RICHMOND, Va. (WRIC)– Local health officials are warning about a spike in respiratory illnesses in kids, but it’s not COVID-19.
One of those respiratory illnesses, Croup, is affecting kids in a different way.
Dr. Frank Petruzella, medical director of the pediatric emergency department at VCU Health, said Croup is a viral illness caused by many different viruses like human parainfluenza. The infection can lead to flu-like symptoms, a barking cough and swelling under the vocal cords.
“Where Croup can become dangerous is if that swelling progresses,” Petruzella said.
He said it usually appears in the winter, but this summer it’s becoming more prevalent among young children.
“Why it’s happening now I think has a lot to do with the past 18 months,” he said. “With the social distancing, with the mask-wearing, with the limitation of sporting events, school, with most parents working from home and therefore decreasing the number of children that are in daycare. We just have a group of children that really haven’t been exposed to these viruses before.”
In the winter, Dr. Petruzella sees up to 200 patients in one week with the illness. This summer he said nearly 50 patients at his office have tested positive for viruses that can cause croup, so far.
“I think what we’re seeing right now is just with sort of life returning to normal we’re kind of catching up for the winter-viral season that we missed this past year,” Petruzella said.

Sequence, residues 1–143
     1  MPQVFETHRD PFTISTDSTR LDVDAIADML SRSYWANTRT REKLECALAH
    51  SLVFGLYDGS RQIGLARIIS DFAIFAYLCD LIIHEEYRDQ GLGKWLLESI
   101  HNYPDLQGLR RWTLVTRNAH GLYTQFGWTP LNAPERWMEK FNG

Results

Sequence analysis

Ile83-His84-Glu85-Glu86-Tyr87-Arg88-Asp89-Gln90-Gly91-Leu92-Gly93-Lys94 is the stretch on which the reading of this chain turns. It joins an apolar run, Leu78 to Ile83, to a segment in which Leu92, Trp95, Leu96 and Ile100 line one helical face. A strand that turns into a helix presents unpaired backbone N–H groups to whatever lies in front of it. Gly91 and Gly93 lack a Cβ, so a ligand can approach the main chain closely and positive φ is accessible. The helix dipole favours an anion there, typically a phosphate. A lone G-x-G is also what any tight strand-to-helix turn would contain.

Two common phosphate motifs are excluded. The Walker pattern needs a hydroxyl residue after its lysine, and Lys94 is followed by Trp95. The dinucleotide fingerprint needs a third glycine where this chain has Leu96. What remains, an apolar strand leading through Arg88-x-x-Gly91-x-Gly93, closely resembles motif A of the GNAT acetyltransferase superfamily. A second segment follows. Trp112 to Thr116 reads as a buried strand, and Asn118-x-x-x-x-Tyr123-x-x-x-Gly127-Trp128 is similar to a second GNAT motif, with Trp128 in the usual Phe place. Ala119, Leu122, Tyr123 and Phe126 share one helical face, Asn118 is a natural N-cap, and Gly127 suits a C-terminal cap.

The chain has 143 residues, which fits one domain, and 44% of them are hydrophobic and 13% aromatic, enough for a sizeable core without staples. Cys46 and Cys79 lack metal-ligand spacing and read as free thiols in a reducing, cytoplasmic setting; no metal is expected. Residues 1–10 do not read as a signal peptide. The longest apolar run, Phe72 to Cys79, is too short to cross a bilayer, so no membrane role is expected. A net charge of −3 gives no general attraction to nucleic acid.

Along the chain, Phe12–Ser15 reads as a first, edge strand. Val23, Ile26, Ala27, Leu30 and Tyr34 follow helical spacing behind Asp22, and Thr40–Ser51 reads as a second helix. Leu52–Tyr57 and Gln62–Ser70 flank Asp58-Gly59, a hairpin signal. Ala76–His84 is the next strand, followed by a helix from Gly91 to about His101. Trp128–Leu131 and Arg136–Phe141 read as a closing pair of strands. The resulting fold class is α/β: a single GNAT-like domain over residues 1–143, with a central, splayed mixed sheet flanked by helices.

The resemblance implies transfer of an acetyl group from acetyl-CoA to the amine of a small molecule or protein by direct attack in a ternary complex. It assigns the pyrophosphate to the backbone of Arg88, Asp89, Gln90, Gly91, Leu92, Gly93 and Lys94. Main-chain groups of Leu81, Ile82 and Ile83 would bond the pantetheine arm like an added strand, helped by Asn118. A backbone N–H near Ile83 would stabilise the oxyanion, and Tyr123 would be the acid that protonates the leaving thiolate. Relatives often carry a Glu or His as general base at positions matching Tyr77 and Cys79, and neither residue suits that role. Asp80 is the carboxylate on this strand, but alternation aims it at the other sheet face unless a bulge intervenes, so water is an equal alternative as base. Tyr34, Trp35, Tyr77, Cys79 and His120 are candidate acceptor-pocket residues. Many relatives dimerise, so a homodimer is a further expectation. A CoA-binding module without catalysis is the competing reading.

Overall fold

Rebecca Lewis, a senior epidemiologist at the Henrico County Health Department, said respiratory illnesses are rising above normal levels across central Virginia.
A few local daycares have contacted the health department with concerns of several students being absent while sick.
Lewis said the families received negative COVID-19 tests and were stumped about what the sickness was.
“People are very quick to test for COVID-19 and then if that result is negative there’s no further testing being done,” she said. “The child or even the adult is still sick or having symptoms, but we don’t actually know what it is.”
Lewis encourages daycares seeing an increase in sick students to continue following COVID-19 safety protocols to slow the spread of other respiratory illnesses.
“With our COVID fatigue, if you will, or the loosening of restrictions, people aren’t thinking as much about washing their hands or disinfecting things,” she said.